Coastal Brown Bears of Lake Clark
It was finally time. We’d been planning this trip for almost two years, and still didn’t comprehend what it was going to be like to photograph these bears. After arriving at the lodge, we unpacked our camera gear and went right out into the field to find some bears to photograph. We remarked in the moment, “do you think we’ll make fun of ourselves later this week for taking so many photos of bears sleeping in the meadow?” We acknowledged the answer was “yes”, but we took them anyway. Several thousand photos of bears later, this photo doesn’t bubble up to be among the best, but here it is anyway…
The excitement of watching bears graze on grass and then take a nap soon wore off, as we moved to the beach to watch the bears dig for clams. Their keen sense of smell (and an abundance of razor clams) lets them quickly find a spot to dig into the sand with their paws and bring up a clam to eat. Different bears have different strategies for opening the clams, but the “smush the clam on the sand, then pry it open with your teeth” technique was pretty common.
(Click any image to enlarge.)
Watching the bears fish was the most exciting. The bears would sit in or near the water, and then start running after a swimming salmon. They failed many times, so it was sensational when they succeeded. As you might expect, being along Silver Salmon Creek, these are Silver (Coho) Salmon.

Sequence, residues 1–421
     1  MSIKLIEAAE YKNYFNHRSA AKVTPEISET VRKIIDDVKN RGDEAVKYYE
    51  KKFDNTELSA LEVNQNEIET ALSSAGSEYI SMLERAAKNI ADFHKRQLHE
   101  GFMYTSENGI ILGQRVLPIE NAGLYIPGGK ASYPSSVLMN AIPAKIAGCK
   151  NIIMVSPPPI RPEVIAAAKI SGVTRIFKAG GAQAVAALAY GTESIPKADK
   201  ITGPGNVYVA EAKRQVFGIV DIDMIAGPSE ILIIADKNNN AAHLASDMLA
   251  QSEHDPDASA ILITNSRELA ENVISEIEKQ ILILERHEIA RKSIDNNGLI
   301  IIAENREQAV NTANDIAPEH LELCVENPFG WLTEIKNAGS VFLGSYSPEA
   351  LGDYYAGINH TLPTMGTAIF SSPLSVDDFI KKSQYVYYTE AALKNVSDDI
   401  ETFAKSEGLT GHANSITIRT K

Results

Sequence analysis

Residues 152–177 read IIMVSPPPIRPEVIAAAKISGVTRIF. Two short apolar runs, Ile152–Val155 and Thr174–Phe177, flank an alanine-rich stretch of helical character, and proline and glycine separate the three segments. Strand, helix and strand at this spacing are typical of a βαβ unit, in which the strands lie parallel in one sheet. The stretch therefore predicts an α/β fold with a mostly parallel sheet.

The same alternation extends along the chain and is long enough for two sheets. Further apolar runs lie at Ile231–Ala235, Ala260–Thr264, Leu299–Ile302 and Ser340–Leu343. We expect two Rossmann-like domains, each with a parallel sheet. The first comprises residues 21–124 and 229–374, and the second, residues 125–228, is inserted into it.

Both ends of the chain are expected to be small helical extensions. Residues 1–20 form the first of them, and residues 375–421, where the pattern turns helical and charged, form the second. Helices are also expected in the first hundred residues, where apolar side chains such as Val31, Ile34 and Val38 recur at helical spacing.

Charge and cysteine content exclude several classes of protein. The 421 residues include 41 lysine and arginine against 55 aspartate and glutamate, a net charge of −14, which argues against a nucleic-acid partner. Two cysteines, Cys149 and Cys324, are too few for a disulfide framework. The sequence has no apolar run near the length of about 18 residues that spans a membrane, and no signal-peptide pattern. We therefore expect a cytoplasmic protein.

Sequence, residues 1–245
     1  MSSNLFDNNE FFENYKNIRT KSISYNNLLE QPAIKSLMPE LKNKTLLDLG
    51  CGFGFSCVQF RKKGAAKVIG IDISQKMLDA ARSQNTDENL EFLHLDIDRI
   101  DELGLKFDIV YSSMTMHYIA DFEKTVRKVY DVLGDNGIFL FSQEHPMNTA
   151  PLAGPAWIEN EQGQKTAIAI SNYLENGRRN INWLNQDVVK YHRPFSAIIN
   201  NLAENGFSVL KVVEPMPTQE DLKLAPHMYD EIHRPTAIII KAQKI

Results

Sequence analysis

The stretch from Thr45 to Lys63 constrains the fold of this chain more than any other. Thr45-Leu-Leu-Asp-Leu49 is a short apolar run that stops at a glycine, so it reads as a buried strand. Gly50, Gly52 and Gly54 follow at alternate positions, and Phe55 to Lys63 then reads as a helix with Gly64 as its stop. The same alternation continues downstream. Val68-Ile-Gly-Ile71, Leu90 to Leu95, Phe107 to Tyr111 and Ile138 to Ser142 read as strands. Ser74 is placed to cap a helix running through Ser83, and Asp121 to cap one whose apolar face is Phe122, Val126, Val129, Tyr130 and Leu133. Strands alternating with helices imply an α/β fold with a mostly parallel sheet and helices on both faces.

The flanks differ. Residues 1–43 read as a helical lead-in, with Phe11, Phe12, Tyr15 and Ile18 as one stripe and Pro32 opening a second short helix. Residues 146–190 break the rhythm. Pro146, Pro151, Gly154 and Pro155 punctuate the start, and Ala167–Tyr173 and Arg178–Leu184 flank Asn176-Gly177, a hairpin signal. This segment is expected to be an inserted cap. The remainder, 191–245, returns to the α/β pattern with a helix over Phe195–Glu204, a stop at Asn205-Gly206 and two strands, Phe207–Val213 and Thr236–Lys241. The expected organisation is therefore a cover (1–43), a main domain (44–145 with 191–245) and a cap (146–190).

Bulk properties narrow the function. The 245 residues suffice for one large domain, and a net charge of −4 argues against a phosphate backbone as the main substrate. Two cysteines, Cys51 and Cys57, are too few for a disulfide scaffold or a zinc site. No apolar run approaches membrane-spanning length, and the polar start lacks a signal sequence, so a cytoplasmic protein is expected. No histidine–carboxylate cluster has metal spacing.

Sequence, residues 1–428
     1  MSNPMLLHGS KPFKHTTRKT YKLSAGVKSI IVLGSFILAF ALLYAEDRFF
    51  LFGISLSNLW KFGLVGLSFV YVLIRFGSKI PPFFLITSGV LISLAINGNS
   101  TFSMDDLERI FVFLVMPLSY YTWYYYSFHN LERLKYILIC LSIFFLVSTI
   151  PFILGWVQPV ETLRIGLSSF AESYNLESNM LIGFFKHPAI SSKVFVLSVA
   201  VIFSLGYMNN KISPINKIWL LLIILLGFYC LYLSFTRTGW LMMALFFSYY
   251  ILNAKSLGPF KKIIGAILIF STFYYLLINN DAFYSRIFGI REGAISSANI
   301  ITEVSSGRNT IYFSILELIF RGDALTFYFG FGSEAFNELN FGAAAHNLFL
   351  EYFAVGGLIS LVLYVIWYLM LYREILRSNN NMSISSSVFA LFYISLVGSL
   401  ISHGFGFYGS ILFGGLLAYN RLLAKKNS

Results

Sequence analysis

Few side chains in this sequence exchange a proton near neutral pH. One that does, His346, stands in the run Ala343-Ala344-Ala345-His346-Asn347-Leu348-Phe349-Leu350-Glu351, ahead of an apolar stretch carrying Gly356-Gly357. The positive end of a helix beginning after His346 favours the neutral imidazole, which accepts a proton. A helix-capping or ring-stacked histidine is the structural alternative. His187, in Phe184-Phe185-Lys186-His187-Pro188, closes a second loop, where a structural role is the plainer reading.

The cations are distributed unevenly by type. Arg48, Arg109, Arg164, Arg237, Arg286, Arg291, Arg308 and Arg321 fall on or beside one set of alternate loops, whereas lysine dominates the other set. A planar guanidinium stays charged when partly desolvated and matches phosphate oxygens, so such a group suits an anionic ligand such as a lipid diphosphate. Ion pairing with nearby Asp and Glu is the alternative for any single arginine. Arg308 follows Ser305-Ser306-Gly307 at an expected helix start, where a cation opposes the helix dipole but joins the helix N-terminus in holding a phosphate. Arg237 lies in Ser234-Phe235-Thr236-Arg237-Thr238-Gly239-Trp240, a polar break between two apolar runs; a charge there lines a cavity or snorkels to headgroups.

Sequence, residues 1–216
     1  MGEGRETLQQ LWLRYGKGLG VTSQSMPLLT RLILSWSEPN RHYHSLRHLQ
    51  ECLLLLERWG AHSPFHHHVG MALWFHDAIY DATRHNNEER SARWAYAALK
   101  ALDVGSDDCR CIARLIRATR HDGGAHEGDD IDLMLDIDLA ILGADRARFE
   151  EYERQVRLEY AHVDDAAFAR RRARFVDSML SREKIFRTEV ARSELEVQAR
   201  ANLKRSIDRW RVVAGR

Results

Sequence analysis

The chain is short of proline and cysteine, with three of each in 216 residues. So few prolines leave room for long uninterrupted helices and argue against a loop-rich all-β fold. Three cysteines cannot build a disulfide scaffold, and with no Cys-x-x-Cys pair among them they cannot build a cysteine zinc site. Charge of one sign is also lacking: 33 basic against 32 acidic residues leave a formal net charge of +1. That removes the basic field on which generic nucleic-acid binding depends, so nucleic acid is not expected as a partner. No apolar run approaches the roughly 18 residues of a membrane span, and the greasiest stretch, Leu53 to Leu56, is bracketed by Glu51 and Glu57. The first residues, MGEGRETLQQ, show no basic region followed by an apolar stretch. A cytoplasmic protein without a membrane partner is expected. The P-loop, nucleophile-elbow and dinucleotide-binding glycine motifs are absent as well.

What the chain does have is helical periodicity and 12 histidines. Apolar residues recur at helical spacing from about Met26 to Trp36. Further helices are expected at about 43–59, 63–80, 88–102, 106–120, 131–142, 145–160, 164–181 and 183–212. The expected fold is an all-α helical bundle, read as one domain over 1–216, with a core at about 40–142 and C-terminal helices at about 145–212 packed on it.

We saw three different moms with cubs. The moms would catch fish, eat part for herself, and share with her cubs—while chasing away other bears who might try to grab the fish.
Speaking of cubs, they have a lot of personality. They can be playful. They can be whiny. They pick fights with their siblings. And they are cute enough that mom (usually) puts up with it all.
After eating, it’s of course time to stretch out and take a nap.
I was just in Lake Clark in the second week of August and I had a question about your photos. I was not sure if you were going to add more to your blog post about Lake Clark or not. We did not see any bears catching salmon. I was wondering if I was there too early? Of course it rained the entire week, so that was not fun. Were you there in September of is that when you posted the blog.
Hi, Susan. I’m sorry you didn’t get to see the bears fishing. I was there the end of August to early September. My understanding is that the silver salmon typically begin their runs in late July, so the second week of August should have been a good time.
Note to others reading this: the bear cubs are born in February, so early to mid-summer are great for watching the curious young cubs interact. But the salmon run doesn’t begin until later, so August and September are better for watching the bear fish.